Answer 3 expresses the clearest reference to the competition rules.
    'Going to' (Answer 1) suggests that the people in this conversation meant to do it, but forgot or were disorganised, and it is now too late since the deadline has passed.
    Answer 2 shifts the perspective onto the company who were running the competition. But the 'expectation' was only general; how could the company have known whether these particular people were thinking of entering, or not?
    Answer 4: They were only 'obliged' if they were actually entering; the company couldn't force them to take part!
  6. Pick the answer that completes it best in good, clear, accurate idiomatic English.
    The Driving Test examiners ... ... fail any candidate whose vehicle makes contact with the kerb*.
    ( *Kerb = the slightly-raised hard edge, where the road meets the pavement )
    Answer 4 is the most definite declaration of the procedure within which the examiners work.
    The Instructor who prepares you for the Test might use any of these other three ways of explaining this to you.
    Answer 1 slightly suggests that the Examiners are supposed to fail candidates who make this mistake ... but that perhaps, very occasionally, they might overlook it (please don't bank on this!).
    Answer 2 is a simple paraphrase of No.4; Answer 3 is a declaration of the straight fact that if you touch the kerb, you will fail.
  7. Pick the answer that completes it best in good, clear, accurate idiomatic English.
    'There goes the town hall bell, chiming ten o'clock. I ... ... be on my way home by now.'
    Answer 1 is the classic 'Cinderella-type' curfew line. It is, by definition, a bit late for Answers 2 or 3 to be right; Answer 4 is rather more subjective ~ in that the speaker knows that he/she should be going, but is very reluctant (even to the point of rebellion, disobedience and bitter consequences later)!
  8. Pick the answer that completes it best in good, clear, accurate idiomatic English.
    'Before the bad weather comes, we ... ... do something about tidying up the garden.'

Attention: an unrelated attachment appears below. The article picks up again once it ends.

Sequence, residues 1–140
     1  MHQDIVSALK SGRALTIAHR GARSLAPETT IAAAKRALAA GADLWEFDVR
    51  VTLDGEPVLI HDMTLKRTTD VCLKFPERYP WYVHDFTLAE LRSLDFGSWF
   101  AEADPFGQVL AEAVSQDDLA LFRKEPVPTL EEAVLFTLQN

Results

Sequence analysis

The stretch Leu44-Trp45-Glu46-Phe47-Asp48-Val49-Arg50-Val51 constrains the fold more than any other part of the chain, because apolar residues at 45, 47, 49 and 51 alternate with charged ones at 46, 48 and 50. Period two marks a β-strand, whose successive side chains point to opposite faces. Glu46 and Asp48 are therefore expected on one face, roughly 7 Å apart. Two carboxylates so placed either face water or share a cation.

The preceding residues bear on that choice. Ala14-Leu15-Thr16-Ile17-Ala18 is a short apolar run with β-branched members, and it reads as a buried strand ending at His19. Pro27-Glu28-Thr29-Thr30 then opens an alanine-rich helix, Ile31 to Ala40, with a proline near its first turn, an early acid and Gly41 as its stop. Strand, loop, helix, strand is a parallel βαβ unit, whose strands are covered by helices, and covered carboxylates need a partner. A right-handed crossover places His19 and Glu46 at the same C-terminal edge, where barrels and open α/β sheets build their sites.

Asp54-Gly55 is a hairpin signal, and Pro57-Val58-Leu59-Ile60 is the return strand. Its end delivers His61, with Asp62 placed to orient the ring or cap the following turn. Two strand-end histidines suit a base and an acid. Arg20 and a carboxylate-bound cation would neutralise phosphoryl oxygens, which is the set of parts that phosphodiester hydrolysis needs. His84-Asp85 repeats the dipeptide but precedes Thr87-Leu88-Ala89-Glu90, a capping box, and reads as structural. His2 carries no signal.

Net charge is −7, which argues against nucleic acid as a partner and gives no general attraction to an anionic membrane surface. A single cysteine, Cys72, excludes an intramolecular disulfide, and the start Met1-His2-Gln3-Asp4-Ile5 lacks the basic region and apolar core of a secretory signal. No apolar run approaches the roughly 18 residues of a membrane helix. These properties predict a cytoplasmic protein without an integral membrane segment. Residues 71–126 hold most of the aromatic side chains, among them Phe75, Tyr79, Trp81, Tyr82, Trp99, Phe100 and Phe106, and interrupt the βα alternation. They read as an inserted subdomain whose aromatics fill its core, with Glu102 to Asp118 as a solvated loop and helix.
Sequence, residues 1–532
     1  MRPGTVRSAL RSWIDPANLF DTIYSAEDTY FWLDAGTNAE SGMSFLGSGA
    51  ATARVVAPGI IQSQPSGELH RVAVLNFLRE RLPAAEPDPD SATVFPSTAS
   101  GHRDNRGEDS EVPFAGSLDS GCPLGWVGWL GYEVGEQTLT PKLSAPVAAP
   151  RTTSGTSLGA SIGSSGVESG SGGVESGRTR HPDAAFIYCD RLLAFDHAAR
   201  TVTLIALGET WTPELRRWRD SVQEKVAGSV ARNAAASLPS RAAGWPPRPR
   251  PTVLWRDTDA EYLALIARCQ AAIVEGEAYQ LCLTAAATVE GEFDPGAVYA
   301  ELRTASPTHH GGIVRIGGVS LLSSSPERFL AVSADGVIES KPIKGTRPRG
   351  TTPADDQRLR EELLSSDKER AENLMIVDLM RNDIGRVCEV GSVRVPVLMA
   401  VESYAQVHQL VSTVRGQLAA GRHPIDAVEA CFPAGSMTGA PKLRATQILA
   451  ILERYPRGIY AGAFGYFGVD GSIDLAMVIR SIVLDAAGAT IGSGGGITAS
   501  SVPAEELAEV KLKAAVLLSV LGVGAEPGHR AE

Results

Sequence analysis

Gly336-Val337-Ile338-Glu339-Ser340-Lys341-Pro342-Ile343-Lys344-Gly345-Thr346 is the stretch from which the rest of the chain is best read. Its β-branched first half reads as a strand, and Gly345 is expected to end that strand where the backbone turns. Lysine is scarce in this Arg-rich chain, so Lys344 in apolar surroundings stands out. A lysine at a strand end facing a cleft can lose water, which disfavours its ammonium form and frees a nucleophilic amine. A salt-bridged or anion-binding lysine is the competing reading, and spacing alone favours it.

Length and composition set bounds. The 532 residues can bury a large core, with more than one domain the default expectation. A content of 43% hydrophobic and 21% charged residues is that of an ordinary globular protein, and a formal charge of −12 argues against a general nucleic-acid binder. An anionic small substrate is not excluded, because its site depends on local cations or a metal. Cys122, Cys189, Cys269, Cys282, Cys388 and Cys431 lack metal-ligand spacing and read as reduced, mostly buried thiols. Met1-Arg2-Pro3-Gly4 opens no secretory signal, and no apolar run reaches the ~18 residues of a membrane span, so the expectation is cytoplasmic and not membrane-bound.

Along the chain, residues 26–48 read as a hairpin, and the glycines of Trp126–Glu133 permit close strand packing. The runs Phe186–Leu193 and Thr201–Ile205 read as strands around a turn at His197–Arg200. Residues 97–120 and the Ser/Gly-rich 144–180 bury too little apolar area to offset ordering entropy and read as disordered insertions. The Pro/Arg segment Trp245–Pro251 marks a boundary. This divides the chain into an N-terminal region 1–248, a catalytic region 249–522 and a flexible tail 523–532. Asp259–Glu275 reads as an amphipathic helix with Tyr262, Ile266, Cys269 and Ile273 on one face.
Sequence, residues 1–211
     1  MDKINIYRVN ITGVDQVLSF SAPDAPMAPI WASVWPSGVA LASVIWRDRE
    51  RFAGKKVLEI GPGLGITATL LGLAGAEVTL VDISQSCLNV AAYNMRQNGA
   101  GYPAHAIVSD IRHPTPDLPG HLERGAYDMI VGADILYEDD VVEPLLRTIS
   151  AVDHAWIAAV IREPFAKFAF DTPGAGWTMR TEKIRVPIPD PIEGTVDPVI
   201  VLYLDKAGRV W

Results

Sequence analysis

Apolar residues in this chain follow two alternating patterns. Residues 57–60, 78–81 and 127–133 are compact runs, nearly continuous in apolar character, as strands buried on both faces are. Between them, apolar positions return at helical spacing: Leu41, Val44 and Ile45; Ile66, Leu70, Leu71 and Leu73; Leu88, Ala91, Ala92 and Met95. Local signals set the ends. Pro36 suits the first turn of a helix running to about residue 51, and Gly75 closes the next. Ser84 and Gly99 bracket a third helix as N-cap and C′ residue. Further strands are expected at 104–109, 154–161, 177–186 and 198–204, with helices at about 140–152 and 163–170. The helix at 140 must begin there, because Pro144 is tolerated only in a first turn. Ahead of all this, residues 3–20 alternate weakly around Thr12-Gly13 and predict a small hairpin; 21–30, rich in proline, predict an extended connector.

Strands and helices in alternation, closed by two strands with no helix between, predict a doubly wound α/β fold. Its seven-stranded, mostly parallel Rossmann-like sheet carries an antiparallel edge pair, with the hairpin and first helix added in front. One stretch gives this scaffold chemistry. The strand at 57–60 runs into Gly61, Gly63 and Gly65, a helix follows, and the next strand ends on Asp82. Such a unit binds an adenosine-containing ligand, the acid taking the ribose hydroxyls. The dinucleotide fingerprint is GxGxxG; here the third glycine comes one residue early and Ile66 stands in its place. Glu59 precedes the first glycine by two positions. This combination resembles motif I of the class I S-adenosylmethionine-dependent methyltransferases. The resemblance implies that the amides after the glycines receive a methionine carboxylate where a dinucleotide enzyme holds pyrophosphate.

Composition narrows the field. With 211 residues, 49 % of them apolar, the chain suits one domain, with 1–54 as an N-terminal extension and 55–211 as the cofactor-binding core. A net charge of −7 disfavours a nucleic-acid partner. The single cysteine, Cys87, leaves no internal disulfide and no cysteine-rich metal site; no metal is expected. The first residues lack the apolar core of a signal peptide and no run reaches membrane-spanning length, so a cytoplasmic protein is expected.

Nobody else is insisting (Answer 1), nor going to check up on you or report you to the police for failing to do this. (Not in Britain, in the 21st century ... unless, perhaps, you were an allotment holder!). 'Should' (Answer 2) may well be true but is still perhaps rather strong. 'Ought to' (Answer 3) suggests a measure of obligation, but also of reluctance ('I know we should, but I can't quite face it').
    'Might (Answer 4) is not appropriate here, and not strong enough.
  9. Pick the answer that completes it best in good, clear, accurate idiomatic English.
    According to the experts, each of us ... ... to the dentist twice a year.
    'Should' is best here, if we want to maintain and protect our teeth. 'Should be going' (using the infinitive of the Continuous Present) nicely catches the element of regularity and repetition that is crucial to this good habit.
  10. Pick the answer that completes it best in good, clear, accurate idiomatic English.
    In Britain and many of her former colonies (and Commonwealth countries), traffic ... ... travel along the left-hand side of the road.
    'Must' indicates a 100% unavoidable fact; the other Answers suggest laws and customs that some people prefer ~ and/or manage ~ to avoid (like paying all the taxes that they should!). The Rule of the Road obviously cannot be left to personal preference; if you try driving on the wrong side, (a) you are committing an offence and (b) you are putting your own life, and those of other innocent road users, in danger.

Author: Ian Miles